Starting in the early 2000’s, some globally elite universities in the United States began publishing their course lectures online, for free. These lectures were published under creative commons licenses, so there was open access for anyone to view, download, and repost as long as they weren’t making money from it.
This kicked off a concept that’s fundamentally altered education systems to the changing world that we have today.
Right now free education online is viable – perhaps more than viable – in many cases, depending on the individual, it’s preferable to conventional universities. It has this edge mostly because of cost reasons.
Information technology is almost arbitrarily scalable. Distributing bits and bytes to users is incredibly inexpensive, but can easily be life changing to those users, depending on the content.
What this means is that premium learning materials that facilitate the best teaching and learning not only can be put online for free, but actually have an incentive to compete with each other when they’re in the space of the commons.
Counter-intuitively, this typically gives the successful free courses a higher quality than any given paid course material.
More recently, education systems themselves have developed something called open educational resources or OER. Teaching and learning is happening online, where teachers and students are connected in virtual spaces.
This is not just a trend. It’s a fundamental shift in how learning takes place.
As this continues, higher education will have a focus on expanding access to education. Instead of a few top-tier universities dominating the space for qualifying students for industry, we may eventually see an open education consortium.
This may seem like a long-shot, but some universities are playing around with the idea now. There are blocks of time that some institutions and businesses set aside for similar purposes like open education weeks.
Google, famously, devotes about 20% of their workforce time to developing whatever workers want to develop. Although only about 10% of Googlers are using it, this ‘hands off’ approach has led to products like GMail. Imagine what other great ideas will come out of such a paradigm shift?
This shift in educational material being more open and readily available has implications beyond just how to get people jobs. It fundamentally changes an approach to problem solving that people may take.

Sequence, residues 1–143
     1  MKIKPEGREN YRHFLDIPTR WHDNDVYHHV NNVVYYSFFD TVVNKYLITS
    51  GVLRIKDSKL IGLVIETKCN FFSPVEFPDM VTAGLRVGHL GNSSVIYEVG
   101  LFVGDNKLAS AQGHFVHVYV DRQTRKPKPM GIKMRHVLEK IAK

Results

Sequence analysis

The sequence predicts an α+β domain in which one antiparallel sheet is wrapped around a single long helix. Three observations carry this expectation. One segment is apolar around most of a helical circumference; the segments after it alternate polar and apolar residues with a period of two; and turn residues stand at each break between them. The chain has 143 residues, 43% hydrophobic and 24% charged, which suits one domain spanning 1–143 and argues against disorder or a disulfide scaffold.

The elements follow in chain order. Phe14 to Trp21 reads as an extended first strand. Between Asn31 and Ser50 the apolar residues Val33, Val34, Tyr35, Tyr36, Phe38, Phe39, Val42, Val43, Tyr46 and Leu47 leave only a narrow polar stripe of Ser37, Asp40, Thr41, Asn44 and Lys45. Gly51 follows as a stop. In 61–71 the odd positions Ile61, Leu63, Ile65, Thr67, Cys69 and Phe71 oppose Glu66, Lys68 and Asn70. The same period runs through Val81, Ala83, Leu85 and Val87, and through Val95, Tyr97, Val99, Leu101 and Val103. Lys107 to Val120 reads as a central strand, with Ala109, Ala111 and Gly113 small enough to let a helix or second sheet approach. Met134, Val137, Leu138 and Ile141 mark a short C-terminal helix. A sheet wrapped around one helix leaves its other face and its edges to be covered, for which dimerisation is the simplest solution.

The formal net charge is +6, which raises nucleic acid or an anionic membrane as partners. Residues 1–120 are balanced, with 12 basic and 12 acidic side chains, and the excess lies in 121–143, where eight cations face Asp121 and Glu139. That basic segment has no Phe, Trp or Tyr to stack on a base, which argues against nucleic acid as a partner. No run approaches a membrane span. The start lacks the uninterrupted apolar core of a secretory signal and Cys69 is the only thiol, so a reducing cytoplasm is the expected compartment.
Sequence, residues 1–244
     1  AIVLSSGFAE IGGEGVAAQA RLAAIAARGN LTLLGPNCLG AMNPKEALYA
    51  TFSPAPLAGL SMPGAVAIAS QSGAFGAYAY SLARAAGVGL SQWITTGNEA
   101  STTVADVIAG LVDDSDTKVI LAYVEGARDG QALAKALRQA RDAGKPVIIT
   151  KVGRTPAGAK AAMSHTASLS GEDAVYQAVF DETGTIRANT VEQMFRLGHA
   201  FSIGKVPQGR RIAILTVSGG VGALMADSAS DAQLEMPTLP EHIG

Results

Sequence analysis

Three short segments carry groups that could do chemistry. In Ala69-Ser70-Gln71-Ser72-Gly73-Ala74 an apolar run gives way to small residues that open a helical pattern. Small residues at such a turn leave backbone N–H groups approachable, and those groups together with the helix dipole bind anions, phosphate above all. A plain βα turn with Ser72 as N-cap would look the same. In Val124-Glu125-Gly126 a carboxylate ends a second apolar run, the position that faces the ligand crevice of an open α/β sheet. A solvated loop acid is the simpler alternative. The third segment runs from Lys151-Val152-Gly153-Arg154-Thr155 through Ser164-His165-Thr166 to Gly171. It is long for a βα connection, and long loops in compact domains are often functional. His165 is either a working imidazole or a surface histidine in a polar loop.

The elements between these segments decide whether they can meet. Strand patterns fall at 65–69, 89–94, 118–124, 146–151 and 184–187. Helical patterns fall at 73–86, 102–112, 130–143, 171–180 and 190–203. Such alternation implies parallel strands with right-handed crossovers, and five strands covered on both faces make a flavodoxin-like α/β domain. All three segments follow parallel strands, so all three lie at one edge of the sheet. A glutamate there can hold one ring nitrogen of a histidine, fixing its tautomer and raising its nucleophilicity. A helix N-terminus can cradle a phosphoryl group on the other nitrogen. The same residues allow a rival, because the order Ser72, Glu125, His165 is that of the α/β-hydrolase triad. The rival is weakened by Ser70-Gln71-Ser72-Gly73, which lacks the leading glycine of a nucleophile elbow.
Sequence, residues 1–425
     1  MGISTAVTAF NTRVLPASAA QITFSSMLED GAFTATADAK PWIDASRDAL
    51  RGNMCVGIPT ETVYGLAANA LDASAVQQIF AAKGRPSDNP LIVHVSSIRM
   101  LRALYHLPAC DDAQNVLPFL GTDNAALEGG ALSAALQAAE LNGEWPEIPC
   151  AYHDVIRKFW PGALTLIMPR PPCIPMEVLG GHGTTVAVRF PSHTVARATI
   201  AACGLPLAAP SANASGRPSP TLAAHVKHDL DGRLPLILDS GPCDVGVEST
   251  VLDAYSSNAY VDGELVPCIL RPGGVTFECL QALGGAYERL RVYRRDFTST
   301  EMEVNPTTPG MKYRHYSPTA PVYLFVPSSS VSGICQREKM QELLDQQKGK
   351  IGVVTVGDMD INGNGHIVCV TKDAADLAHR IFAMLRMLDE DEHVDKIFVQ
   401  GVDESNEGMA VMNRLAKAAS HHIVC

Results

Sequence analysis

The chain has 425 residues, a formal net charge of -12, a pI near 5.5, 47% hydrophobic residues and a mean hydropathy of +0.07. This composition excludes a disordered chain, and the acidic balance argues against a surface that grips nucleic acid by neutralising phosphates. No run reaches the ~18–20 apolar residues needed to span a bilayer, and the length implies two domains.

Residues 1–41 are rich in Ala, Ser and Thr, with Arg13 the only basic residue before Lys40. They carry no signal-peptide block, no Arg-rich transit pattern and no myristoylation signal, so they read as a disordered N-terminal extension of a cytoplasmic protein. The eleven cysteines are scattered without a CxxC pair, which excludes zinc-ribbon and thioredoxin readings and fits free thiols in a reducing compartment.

Before, you had to front-load all the training you needed to do in order to approach certain problems. You had to go to university for years and years, and acquire most of the knowledge and skills that you would use in the field. This has been the working theory, and it has been changing steadily over time.
Now, the education system doesn’t act primarily to train you for any particular job. The education system as it is now acts as a filter to classify students on levels of aptitude. College is basically a hazing ritual, and very little of the skills you actually use in your profession come from your university training.
It’s a terribly inefficient process that results in huge amounts of debt, and significant disparity because it literally splits society into class structures. This is where the term ‘class’ when referring to a university class actually originates from.
You no longer have to front-load training. Most of your actual training comes from on the job experience, but more importantly than that, since virtually any technical skill is freely available online, entrepreneurs can approach problems that are beyond them and gain the specific knowledge they need at every step of the way.
The information online to teach those skills is orders of magnitude less expensive, sometimes free. Counter-intuitively, since these online courses take virtually no investment, and can reach an arbitrary number of people, the educator can actually make quite a bit more money, too.
In fact, there’s virtually no need for a middle-man institution at all, since online you can connect with an expert consultant operating independently. This means that more people can get education through just taking on problems and using the internet to connect teachers and learners.
EUROPEAN REGIONAL DEVELOPMENT FUND
A WAY TO MAKE EUROPE
DIGITAL SAMBA, S.L. has participated in the ICEX-Next Export Initiation Program, with the support of ICEX and the co-financing of the European Regional Development Fund (ERDF). The purpose of this support is to contribute to the international development of the company and its environment.